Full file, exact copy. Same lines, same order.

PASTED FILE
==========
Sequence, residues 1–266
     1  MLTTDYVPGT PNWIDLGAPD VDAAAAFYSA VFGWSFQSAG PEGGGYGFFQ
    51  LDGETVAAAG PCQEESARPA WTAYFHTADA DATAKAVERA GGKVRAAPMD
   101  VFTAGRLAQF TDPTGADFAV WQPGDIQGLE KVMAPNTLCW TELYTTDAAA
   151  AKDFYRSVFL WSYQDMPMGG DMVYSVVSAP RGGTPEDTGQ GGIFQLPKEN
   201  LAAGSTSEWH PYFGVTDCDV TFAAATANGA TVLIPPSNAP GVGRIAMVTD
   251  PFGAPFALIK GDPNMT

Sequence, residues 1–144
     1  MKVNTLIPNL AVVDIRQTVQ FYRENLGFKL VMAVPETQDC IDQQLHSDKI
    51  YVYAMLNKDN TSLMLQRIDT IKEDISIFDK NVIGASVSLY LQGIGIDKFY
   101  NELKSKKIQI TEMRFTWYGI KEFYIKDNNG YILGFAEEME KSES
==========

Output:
Sequence, residues 1–266
     1  MLTTDYVPGT PNWIDLGAPD VDAAAAFYSA VFGWSFQSAG PEGGGYGFFQ
    51  LDGETVAAAG PCQEESARPA WTAYFHTADA DATAKAVERA GGKVRAAPMD
   101  VFTAGRLAQF TDPTGADFAV WQPGDIQGLE KVMAPNTLCW TELYTTDAAA
   151  AKDFYRSVFL WSYQDMPMGG DMVYSVVSAP RGGTPEDTGQ GGIFQLPKEN
   201  LAAGSTSEWH PYFGVTDCDV TFAAATANGA TVLIPPSNAP GVGRIAMVTD
   251  PFGAPFALIK GDPNMT

Sequence, residues 1–144
     1  MKVNTLIPNL AVVDIRQTVQ FYRENLGFKL VMAVPETQDC IDQQLHSDKI
    51  YVYAMLNKDN TSLMLQRIDT IKEDISIFDK NVIGASVSLY LQGIGIDKFY
   101  NELKSKKIQI TEMRFTWYGI KEFYIKDNNG YILGFAEEME KSES